Stopping the cannibalistic behavior of a well-studied enzyme could be the key to new drugs to fight age-related diseases, according to a study published online in Nature Cell Biology. For the first time, researchers in the Perelman School of Medicine show how the self-eating cellular process known as autophagy is causing the SIRT1 enzyme, long known to play a role in longevity, to degrade over time in cells and tissue in mice. Identifying an enzymatic target is an important step that may lead to new or modified existing therapeutics.
“Blocking this pathway could be another potential approach to restore the level of SIRT1 in patients to help treat or prevent age-related organ and immune system decline,” says first author Lu Wang, a postdoctoral researcher in the lab of Shelley Berger, a professor of cell and developmental biology in the Perelman School of Medicine and a professor of biology in the School of Arts & Sciences. Berger also serves as senior author on the paper.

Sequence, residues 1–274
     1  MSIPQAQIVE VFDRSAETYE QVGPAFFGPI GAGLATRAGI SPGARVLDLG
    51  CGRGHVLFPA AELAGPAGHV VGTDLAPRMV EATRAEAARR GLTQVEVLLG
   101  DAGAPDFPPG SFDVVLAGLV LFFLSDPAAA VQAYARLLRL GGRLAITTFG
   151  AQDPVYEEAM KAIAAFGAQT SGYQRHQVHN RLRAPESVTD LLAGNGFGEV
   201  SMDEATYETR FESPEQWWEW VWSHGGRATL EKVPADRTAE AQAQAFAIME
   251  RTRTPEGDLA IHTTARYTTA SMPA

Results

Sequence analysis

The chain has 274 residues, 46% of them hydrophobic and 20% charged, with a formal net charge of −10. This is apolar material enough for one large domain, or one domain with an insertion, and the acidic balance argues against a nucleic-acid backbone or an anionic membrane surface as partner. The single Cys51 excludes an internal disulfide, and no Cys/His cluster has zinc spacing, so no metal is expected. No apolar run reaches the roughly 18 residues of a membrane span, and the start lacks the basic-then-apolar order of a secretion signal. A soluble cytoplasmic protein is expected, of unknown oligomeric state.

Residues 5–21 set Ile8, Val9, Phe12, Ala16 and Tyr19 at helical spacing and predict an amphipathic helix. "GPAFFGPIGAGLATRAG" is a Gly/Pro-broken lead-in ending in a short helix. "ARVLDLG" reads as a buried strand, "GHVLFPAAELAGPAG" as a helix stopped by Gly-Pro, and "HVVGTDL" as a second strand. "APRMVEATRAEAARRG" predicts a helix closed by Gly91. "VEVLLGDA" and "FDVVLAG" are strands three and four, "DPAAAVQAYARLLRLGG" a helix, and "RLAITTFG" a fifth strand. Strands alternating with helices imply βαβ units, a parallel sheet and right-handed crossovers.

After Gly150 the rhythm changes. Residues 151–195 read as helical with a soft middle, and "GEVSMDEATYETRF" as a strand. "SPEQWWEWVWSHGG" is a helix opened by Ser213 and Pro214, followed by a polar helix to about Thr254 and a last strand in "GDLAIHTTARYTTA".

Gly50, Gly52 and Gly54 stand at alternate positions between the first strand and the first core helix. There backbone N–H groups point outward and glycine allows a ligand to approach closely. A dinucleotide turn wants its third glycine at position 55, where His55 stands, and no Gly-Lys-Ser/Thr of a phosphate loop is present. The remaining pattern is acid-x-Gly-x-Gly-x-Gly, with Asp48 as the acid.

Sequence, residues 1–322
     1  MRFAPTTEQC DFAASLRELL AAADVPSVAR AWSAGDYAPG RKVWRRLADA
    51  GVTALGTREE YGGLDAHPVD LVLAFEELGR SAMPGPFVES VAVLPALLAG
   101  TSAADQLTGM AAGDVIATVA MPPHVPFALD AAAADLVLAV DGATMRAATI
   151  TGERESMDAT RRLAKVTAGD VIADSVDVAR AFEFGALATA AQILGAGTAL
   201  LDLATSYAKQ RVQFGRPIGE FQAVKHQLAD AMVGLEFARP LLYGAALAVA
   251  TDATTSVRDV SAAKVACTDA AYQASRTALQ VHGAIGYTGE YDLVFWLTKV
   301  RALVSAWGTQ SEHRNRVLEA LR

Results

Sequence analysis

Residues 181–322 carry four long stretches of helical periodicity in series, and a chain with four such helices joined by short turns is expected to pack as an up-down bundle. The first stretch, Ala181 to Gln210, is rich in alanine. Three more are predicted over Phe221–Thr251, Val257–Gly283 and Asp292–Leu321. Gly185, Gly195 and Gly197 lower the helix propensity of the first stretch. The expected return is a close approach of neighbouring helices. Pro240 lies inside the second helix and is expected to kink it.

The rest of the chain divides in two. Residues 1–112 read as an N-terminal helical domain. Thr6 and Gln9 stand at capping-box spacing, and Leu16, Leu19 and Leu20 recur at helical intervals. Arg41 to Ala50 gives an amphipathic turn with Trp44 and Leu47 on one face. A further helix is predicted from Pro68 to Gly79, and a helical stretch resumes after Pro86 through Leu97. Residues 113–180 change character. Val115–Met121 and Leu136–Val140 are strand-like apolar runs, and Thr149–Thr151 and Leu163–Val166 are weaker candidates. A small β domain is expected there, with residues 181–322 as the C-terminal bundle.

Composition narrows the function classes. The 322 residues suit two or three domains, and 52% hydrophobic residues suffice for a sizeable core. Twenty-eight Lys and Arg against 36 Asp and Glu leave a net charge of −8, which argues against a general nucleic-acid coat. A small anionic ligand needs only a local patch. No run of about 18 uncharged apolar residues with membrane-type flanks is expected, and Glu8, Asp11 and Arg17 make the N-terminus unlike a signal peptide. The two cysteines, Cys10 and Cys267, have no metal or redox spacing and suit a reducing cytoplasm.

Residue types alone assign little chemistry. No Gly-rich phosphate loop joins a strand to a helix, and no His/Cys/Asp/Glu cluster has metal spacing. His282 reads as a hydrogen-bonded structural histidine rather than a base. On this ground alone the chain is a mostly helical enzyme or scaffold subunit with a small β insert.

“The findings may be of most interest to the immune aging field, as autophagy’s role in SIRT1 in immune cells is a concept that hasn’t been shown before,” Wang adds. “Exploiting this mechanism presents us with a new possibility of restoring immune function.”
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